The Nazis rountinely fed their prisoners the bare minimum, but because rough seas sometimes prevented regular deliveries to the Channel Islands, even that alotted food could be in short supply, says historian Paul Sanders. Due to the combination of scarcity and corruption among the SS officers, “even less food found its way to the prisoners than it did in other parts of occupied Europe” says Sanders, who is author of The British Channel Islands Under German Occupation 1940-45. Adding to this “particularly lethal constellation” of conditions in Alderney was the lack of civilian witnesses.
“It makes a difference for the perpetrators if they’re being watched by the civilian population,” Sanders says. “The fact that there was no set of civilian eyes watching what was going on in Alderney led to a much more profoundly brutal environment.”
In the new study, Sturdy Colls and her team found physical evidence supporting witness accounts of harsh conditions at Sylt. They mapped the surviving shallow depressions of the barracks at the camp, confirming witness reports of overcrowding; each prisoner would have had just 16 square feet of space at best. Through the course of removing vegetation from the site, they uncovered the prisoners' toilets. The team made virtual-reality visualizations for a clearer view of features—such as an underground tunnel leading from the commandant’s house to the camp—that were difficult to see in the field due to bad lighting conditions.
Using historic aerial images, the researchers also tracked how both the size and security measures of Lager Sylt drastically increased when it evolved from a labor camp to a concentration camp in 1943.
The SS, for instance, went to great lengths to outfit Lager Sylt with imposing fences and guard towers, which surely had a profound psychological effect on the inmates.
“In a way, it didn't need any of those things because it was on a corner of a small island surrounded by minefields,” Sturdy Colls says. “There was nowhere for any of these prisoners to go.”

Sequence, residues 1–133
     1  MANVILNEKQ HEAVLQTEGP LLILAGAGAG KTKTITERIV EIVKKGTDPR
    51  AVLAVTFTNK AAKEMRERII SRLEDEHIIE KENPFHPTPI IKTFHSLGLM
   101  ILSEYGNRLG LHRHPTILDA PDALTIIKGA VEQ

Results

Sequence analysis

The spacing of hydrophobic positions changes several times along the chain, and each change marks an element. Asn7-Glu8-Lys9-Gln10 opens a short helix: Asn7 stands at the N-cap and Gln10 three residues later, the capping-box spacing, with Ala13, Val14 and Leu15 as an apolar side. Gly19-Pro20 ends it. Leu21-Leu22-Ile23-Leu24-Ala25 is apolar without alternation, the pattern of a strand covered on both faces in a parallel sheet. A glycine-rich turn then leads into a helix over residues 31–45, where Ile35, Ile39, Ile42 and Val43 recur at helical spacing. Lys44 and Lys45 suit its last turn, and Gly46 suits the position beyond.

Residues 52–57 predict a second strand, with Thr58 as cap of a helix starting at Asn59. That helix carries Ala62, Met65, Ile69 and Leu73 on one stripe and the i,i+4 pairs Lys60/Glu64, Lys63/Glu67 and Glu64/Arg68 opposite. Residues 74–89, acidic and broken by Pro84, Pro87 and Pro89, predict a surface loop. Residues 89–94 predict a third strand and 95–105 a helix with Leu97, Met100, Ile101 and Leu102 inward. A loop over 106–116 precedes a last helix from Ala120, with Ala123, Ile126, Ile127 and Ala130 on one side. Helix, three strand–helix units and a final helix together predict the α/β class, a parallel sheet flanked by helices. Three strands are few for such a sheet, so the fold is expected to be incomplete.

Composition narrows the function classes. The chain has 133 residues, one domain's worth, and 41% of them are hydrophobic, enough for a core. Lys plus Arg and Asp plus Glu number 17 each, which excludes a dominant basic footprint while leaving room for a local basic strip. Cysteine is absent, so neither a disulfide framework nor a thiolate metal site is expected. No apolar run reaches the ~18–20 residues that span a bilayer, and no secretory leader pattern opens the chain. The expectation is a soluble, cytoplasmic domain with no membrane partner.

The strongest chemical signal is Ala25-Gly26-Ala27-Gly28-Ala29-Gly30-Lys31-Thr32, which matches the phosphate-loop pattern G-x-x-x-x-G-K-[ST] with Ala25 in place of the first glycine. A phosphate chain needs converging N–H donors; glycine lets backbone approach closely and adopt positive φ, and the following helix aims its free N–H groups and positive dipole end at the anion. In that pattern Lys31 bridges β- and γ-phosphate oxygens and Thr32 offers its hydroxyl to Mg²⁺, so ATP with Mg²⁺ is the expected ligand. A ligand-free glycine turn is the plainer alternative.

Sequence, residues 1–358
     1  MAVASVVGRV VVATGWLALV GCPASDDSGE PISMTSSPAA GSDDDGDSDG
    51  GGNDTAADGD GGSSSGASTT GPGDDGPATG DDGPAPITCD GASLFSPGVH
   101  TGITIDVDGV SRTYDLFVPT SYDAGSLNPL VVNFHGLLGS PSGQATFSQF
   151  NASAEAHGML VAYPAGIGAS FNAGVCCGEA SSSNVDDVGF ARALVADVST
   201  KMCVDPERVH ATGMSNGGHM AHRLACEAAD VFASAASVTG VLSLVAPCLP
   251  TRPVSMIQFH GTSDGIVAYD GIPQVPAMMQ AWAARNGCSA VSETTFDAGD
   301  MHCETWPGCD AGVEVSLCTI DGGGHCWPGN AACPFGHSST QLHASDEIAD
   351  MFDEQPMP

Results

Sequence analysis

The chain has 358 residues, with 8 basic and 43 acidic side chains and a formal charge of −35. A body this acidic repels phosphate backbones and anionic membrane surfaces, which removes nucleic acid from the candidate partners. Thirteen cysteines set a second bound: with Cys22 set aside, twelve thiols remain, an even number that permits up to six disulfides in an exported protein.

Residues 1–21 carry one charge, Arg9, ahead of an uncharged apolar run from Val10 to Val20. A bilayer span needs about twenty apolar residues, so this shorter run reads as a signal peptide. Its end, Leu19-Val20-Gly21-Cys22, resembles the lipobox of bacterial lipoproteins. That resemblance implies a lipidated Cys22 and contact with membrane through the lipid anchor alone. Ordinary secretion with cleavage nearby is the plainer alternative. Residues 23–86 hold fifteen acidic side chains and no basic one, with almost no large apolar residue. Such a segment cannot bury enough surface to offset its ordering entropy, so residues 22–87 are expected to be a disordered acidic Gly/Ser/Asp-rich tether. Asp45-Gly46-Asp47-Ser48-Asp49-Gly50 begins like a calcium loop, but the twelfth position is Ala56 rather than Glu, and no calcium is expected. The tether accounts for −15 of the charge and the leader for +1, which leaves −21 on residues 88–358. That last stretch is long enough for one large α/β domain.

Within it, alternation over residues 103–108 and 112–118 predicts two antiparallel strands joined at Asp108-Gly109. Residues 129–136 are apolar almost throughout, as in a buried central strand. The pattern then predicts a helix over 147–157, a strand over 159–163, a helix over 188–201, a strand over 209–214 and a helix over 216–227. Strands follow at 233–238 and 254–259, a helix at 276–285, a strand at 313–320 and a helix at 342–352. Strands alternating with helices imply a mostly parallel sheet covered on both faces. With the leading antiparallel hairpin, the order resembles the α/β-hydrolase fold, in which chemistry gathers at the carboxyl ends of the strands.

How the legacy of Lager Sylt and Alderney under Nazi occupation should be presented is still a matter of debate. One of the few clearly visible elements that remain of the camp is the main gate. Today it is marked with just a small plaque, placed there in a ceremony in 2008 at the request of former prisoners.
Proposals to excavate at Lager Sylt have thus far been denied, Sturdy Colls says, which has made her team's no-dig, forensic study of the Sylt site all the more important.
“We’re not the first people to discover this camp existed—but despite all those testimonies and despite all those previous efforts, the history of the site was still not known, ” Sturdy Colls says.
The work we did was trying to help the stories of the people who suffered be known more widely.”
"In my opinion, the paper will be useful in helping the island of Alderney to see the extent of traces of Lager Sylt left in the landscape and therefore to think again about how the camp might be used in the island's heritage strategy in the future," says Gillian Carr, an archaeologist at the University of Cambridge. Carr has studied the occupation of the Channel Islands but was not involved in this recent study.
In late 2017, the Alderney government did formally designate Lager Sylt a conservation area, barring development that would threaten the site. Graham McKinley, an elected Member (legislator) of the States of Alderney, says he would like to see the Lager Sylt site made more accessible to visitors. He's trying to re-establish a heritage committee that would explore how the location could be studied, preserved and made into a memorial site.
"There is still a small group of people who want to put the past behind them and continue without looking into it too much," says McKinley. "I believe we should be doing a lot more to show the world what actually happened here."